Dust rose from the debris of Perkins Homes in East Baltimore as demolition began Thursday on one of the affordable housing development’s six remaining buildings, the latest step in the city’s plan to redevelop 244 acres of land stretching from Perkins, to Somerset and Oldtown Mall.
The $1 billion project, known as the Perkins Somerset Oldtown Transformation Plan, aims to create a mixed-income housing community of an estimated 1,882 units, including new affordable housing to replace the 629 soon-to-be demolished Perkins Homes units.
“With these bricks starting to come down, we are witnessing the end of an era,” said Janet Abrahams, CEO of the Housing Authority of Baltimore City, in a news release. “The future of this community holds great promise as one of inclusion. You will see the manifestation of that promise very soon.”
The current project aims to create at least 1,345 units on the former sites of Perkins Homes and Somerset Homes. Of those units, 652 will be public housing units, 23 more units than were available in Perkins Homes.
These sites also will be home to approximately 304 so-called “tax credit units” for households that earn 30% to 80% of the average income for the area, as well as 389 market rate units, with all units being designed the same regardless of rental cost.
Future phases of the project are estimated to create 536 more units that will be primarily market rate units along with some tax credit units.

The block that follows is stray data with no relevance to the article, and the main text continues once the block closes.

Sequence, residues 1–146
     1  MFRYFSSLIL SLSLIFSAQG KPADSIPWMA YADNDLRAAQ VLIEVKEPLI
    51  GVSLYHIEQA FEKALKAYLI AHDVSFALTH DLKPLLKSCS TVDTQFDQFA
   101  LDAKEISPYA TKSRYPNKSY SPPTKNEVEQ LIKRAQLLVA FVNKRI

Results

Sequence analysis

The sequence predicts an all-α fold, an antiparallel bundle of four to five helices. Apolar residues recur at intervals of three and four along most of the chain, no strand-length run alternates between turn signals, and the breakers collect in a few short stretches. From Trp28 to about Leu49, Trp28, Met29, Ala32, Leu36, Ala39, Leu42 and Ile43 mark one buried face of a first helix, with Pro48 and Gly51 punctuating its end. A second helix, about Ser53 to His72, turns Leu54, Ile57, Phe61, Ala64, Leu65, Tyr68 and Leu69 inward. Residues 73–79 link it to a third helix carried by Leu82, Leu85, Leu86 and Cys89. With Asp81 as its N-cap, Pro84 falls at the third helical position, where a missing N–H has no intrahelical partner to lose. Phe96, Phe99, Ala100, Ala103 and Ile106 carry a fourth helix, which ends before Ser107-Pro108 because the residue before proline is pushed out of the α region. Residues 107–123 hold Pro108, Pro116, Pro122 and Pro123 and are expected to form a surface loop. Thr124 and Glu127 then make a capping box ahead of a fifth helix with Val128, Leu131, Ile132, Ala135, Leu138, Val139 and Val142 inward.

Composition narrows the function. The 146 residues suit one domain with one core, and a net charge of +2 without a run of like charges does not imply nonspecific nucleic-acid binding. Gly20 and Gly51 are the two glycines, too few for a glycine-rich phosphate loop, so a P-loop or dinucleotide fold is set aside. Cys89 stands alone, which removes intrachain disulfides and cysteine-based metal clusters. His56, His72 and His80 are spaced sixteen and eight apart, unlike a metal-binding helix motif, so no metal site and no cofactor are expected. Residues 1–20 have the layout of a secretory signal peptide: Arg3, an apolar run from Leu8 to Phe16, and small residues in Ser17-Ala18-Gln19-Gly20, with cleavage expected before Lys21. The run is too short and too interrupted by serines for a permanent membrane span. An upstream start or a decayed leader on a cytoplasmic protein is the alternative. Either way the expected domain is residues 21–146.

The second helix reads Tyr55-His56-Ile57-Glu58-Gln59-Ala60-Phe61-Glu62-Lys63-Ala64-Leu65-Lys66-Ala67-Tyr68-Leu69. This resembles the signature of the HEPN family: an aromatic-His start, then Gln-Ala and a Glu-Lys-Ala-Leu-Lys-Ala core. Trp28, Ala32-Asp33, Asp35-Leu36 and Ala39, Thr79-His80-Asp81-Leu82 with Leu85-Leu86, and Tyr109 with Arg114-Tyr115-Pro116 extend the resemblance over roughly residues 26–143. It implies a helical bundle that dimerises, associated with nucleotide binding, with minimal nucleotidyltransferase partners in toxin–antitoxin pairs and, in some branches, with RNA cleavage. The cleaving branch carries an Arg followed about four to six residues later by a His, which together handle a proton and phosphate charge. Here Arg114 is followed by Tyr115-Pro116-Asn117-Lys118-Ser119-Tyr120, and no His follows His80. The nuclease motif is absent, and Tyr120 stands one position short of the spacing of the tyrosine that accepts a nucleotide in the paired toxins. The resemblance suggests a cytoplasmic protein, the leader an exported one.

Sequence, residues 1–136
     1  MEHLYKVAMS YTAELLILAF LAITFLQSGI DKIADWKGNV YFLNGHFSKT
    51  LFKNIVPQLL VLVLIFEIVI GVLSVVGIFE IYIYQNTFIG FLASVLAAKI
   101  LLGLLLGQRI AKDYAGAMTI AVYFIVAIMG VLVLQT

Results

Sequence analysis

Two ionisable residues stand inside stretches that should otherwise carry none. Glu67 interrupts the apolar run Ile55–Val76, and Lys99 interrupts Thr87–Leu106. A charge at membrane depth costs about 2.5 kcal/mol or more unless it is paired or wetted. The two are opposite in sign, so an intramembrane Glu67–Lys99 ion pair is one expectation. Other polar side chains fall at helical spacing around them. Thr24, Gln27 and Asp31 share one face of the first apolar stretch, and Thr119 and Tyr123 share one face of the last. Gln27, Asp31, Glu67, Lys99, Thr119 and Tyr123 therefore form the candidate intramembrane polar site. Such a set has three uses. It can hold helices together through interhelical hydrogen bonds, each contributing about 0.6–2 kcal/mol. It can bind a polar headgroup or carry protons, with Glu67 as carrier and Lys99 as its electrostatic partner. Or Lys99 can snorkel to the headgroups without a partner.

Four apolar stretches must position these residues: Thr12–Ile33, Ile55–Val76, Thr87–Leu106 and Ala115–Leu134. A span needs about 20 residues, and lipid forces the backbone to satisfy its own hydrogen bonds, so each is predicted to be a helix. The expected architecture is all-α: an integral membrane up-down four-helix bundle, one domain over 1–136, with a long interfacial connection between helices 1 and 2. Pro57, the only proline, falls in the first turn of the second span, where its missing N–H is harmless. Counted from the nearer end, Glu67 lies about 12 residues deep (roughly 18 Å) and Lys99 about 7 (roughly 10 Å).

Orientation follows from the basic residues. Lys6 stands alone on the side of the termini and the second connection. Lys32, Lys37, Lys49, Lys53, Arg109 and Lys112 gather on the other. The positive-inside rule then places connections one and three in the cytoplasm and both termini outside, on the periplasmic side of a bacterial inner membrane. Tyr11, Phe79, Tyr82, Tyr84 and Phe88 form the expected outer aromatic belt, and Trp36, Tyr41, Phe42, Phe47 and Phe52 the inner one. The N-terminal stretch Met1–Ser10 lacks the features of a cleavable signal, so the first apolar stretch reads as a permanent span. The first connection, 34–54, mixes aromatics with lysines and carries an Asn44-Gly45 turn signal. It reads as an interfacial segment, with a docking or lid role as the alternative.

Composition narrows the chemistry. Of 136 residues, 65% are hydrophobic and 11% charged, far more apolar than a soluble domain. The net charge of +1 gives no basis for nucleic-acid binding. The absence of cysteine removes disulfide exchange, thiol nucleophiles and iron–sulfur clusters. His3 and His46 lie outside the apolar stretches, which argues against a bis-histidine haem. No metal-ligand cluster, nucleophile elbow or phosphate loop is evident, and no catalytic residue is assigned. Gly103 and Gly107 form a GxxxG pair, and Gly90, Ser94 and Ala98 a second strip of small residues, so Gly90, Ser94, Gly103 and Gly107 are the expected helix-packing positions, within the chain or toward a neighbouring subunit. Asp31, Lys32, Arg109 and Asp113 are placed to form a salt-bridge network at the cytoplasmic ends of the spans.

The first residents to move into the new Perkins, Somerset, Old Town redevelopment will settle in at 1234 McElderry Street in mid-July, according to HABC spokeswoman Ingrid Antonio.
Some former residents of Perkins Homes have raised concerns about whether the project will provide enough affordable housing, and whether the location of the affordable units will displace current Perkins residents.
But for 61-year-old Sharone Henderson, a 35-year resident of Perkins Homes, the demolition is a welcome change.
“I am glad to see it go,” Henderson said. “It was old, it was really old. It’s time for it to come down.”
Henderson said she always will have a sentimental attachment to Perkins Homes, where she raised her children, began work as a teacher’s aide for City Springs Elementary/Middle School and visited with neighborhood kids on her front steps after school.
“You were like family. We are a family,” Henderson said of the neighborhood.
But she is hopeful about the new development, and, despite having to move out of her old home, Henderson is eager to move into one of the new units.
“Sometimes you have to do a little shaking up in order to get things right,” Henderson said.
Virdie Mitchell, 68, lived in Perkins Homes on and off from 1969 through the early 2000s, she said.
“When I first moved in, it was beautiful. You could eat off the ground,” Mitchell recalled.
Her first few decades in Perkins Homes were marked by front-step hangouts with neighbors, and nights when the whole complex left their doors open to feel the cool air. As Mitchell watched Perkins become rubble, she cried, remembering the love she felt for her old neighborhood, but happy to see her former home have a chance at a new life.
“I wanted to fly,” Mitchell said. “This is a better promise to live in a better place.”
Now a resident of Douglass Homes, Mitchell, hopes that when the redevelopment is done, she will be able to move back to the neighborhood she loved.